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Prove $$F_{xy}(x,y)F(x,y) = F_x(x,y)F_y(x,y)$$

$F(x,y)$ is separable.

This is such a wierd question, ... maybe its just me ... how do I start?


What I tried anyways:

$F(x,y)=f(x)g(y)$

$F_x(x,y) = \frac{d}{dx} f(x) g(y)$

$F_y(x,y) = \frac{d}{dy} f(x) g(y)$

$F_{xy}(x,y) = \frac{d}{dx} (\frac{d}{dy} (f(x)g(y)))$

None of the equations seem to give me any ideas :(

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1 Answer 1

up vote 2 down vote accepted

If $F(x,y)=f(x) g(y)$ and the required derivatives exist, just compute the required partials.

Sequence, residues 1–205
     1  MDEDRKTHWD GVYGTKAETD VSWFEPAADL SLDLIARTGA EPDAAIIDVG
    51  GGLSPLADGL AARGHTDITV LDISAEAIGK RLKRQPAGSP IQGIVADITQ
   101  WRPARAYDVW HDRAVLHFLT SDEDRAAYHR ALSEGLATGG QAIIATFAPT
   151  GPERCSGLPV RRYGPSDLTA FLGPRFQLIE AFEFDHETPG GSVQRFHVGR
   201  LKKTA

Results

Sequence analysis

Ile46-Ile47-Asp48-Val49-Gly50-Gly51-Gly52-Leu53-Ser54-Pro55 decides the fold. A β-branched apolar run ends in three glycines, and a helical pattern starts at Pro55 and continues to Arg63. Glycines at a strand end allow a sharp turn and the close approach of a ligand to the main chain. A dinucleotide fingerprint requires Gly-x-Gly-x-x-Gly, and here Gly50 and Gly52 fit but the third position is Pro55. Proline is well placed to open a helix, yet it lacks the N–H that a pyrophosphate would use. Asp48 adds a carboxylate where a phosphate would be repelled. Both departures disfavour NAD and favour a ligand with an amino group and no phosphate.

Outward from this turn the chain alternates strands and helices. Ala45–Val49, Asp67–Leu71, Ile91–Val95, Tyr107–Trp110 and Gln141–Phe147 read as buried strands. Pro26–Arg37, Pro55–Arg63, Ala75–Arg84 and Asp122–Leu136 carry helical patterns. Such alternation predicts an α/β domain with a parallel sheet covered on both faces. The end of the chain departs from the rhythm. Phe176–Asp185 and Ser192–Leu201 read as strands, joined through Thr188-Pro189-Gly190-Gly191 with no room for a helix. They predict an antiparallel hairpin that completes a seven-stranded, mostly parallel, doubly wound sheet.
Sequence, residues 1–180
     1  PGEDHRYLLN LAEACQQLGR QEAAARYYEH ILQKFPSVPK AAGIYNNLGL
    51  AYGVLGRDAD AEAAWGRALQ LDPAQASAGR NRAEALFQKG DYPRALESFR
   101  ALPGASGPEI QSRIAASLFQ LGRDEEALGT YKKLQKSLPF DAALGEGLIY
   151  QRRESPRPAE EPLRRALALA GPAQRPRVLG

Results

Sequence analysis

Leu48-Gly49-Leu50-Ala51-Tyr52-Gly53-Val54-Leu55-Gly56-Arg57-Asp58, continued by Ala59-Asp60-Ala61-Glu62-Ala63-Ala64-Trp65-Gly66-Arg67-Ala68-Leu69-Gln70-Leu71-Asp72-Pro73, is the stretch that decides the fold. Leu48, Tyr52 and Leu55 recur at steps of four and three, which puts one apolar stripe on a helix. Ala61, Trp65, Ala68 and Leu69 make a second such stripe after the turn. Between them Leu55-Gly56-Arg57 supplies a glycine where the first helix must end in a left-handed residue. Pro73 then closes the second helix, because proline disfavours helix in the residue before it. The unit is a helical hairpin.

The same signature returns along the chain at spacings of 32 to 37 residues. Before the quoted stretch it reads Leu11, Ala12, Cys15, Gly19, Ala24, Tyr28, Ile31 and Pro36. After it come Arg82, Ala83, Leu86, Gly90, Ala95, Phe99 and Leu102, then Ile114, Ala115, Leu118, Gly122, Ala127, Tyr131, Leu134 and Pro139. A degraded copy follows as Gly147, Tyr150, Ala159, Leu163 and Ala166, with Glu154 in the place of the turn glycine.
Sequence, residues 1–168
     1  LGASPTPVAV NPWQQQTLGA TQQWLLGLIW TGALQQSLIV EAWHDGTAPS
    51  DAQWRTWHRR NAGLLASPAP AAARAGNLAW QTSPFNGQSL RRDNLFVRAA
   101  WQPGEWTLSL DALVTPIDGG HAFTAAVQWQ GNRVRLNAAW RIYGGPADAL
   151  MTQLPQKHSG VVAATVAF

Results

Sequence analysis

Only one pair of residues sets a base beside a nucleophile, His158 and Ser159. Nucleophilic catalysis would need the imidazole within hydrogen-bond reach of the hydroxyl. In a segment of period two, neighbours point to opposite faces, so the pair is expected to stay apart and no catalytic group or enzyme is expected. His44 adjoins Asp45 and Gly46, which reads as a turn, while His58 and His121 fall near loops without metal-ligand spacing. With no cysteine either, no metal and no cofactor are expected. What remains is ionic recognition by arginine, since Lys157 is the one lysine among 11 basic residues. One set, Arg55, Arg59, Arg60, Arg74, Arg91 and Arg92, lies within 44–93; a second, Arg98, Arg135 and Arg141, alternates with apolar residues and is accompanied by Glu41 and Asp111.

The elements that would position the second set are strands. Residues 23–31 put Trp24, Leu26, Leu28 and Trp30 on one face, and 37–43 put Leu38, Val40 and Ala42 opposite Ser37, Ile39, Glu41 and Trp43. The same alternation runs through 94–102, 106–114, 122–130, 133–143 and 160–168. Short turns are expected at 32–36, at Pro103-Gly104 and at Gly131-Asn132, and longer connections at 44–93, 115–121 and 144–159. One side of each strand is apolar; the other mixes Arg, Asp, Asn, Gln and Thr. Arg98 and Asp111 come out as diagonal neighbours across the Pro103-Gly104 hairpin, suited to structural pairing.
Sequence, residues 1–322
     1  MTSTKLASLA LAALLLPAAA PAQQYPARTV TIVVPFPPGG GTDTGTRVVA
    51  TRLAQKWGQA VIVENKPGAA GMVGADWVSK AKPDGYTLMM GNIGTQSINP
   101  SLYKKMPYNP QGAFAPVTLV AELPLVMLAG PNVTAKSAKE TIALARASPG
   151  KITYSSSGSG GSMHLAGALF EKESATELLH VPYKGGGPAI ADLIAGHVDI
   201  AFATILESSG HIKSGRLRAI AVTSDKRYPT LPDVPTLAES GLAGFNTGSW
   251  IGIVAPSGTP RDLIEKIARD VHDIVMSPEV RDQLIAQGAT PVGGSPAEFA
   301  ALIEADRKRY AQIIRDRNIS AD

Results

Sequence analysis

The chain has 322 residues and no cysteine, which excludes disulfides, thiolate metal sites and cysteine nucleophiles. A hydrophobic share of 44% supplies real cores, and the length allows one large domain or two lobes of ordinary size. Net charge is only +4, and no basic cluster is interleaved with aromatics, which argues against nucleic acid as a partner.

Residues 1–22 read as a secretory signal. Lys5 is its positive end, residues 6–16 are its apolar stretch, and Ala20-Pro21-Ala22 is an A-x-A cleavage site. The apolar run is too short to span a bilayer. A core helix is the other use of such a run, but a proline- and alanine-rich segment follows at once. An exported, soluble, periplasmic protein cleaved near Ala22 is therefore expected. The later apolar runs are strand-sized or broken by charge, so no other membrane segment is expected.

Note these are partial derivatives. When finding $F_x(x,y)$, for example, you think of the variable $y$ as fixed and differentiate with respect to $x$: $$ F_x(x,y) ={\textstyle{\partial \over\partial x}}\bigl[\, f(x)g(y)\,\bigr] = g(y) {\textstyle{\partial \over\partial x}} f(x) =g(y){\textstyle{d\over dx} }f(x)= g(y)f'(x). $$

You have:

$\ \ \ \ F_x(x,y)=f'(x) g(y)$,

$\ \ \ \ F_y(x,y)=f(x)g'(y)$,

and

$\ \ \ \ F_{xy}(x,y)={\partial\over\partial y}F_x(x,y) ={\partial\over\partial y} \bigl[\,f'(x)g(y)\,\bigr] =f'(x)g'(y).$

Now substitute into your equation and show that it's true.


Remark: Note you reversed the order of differentiation in your expression for $F_{xy}=(F_x)_y$; you find $F_x$ first. (It is not always the case that $F_{xy}=F_{yx}$.)

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:( Its so simple, yet I can't see it ... I guess the key is "think of the variable $y$ as fixed and differentiate with respect to $x$" –  Jiew Meng Apr 11 '12 at 14:05

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